During the period when Kemper had been transported to and from the San Mateo County Jail for trial, he had become acquainted with a slightly built Santa Cruz County sheriff’s deputy named Bruce Colomy, a man not much older than himself. Colomy had been kind to the gigantic defendant. Although no one would ever have confused the deputy with John Wayne, he nevertheless represented another father figure to Kemper. “He’s more like a father to me than anyone I have ever known,” he said. “He’s like the father I wish I had had.”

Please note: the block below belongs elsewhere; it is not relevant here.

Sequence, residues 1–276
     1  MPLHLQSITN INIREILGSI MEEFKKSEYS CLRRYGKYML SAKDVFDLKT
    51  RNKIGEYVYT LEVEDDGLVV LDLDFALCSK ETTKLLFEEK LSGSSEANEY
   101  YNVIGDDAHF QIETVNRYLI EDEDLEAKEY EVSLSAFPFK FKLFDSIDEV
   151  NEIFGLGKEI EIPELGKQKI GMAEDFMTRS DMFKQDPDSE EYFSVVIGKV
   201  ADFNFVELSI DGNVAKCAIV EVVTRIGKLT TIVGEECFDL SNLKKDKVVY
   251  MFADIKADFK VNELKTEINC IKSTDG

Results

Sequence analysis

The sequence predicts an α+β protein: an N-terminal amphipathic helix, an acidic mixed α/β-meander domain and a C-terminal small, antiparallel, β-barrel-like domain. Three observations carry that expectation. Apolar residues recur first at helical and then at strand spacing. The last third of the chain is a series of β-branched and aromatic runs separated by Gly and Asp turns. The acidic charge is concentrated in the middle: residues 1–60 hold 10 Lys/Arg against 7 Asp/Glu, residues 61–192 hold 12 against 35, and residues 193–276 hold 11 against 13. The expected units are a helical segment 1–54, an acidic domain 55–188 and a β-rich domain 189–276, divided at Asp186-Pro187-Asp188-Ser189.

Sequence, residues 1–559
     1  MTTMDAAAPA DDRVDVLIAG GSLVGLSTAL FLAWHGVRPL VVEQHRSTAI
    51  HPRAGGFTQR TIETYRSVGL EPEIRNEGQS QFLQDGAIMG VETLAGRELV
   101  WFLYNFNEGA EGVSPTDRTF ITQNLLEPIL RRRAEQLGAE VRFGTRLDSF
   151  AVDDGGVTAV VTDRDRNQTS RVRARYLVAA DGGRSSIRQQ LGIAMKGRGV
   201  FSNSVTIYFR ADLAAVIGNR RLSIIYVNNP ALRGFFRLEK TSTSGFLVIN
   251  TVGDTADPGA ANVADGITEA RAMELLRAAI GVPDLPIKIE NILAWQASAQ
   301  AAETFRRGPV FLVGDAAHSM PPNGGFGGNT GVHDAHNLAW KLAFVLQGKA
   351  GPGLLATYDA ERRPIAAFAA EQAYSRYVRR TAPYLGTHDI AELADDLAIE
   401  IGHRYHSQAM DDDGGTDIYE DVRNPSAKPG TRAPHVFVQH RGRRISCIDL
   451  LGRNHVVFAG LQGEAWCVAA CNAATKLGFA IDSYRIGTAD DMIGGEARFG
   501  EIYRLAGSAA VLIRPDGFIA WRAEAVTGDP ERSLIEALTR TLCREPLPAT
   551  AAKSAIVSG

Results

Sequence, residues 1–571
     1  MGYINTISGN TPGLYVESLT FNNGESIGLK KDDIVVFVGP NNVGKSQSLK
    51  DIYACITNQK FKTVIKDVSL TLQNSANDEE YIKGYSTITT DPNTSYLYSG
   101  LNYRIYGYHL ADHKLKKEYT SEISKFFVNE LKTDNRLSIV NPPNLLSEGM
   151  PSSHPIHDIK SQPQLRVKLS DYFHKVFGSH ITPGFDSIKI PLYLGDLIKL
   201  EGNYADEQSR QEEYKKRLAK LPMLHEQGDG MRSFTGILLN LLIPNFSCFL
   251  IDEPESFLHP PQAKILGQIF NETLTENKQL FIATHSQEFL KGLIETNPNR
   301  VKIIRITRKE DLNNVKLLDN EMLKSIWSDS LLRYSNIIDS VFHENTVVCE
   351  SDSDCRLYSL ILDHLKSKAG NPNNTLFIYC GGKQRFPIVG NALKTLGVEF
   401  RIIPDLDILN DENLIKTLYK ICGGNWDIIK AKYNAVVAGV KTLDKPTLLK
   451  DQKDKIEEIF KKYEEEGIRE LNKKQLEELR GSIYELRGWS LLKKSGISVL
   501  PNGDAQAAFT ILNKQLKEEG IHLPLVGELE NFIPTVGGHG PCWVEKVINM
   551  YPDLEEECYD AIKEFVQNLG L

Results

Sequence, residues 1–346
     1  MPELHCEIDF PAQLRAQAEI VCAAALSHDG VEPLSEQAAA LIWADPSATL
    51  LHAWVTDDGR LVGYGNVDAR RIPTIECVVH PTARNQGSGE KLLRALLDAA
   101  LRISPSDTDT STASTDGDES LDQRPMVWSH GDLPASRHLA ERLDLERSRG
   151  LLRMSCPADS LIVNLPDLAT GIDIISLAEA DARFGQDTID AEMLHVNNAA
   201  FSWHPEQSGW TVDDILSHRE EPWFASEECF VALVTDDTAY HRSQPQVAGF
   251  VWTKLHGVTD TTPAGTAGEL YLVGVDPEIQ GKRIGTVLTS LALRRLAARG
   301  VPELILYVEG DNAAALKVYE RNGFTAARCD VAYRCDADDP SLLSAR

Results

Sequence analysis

While imprisoned at Atascadero in the late 1960s, Kemper became a member of the Junior Chamber of Commerce (Jaycees). During his trial, he wore his membership pin in his lapel, apparently with pride.
[Before being taken to state prison after his sentencing], slowly, Kemper removed the precious Junior Chamber of Commerce pin from the lapel of his buckskin jacket. Colomy described this episode, a scene that would have wrenched the heart of any B-grade movie fan. “Ed looked at it for a long time and tears came to his eyes. Then he handed it to me and said, ‘Here, I want you to have it.’”
From: Why: The Serial Killer In America by Margaret Cheney (1992, update of The Co-Ed Killer, 1976) / Pin is not the actual pin that belonged to Ed Kemper, but it is from the same time period.